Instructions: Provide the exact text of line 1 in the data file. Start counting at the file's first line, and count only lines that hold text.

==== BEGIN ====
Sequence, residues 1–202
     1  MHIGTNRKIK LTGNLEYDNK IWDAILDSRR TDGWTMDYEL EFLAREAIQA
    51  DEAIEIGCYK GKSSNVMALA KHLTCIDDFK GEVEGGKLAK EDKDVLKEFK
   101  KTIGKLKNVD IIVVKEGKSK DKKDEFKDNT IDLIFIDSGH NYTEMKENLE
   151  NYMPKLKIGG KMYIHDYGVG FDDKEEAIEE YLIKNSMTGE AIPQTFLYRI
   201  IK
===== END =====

Sequence, residues 1–202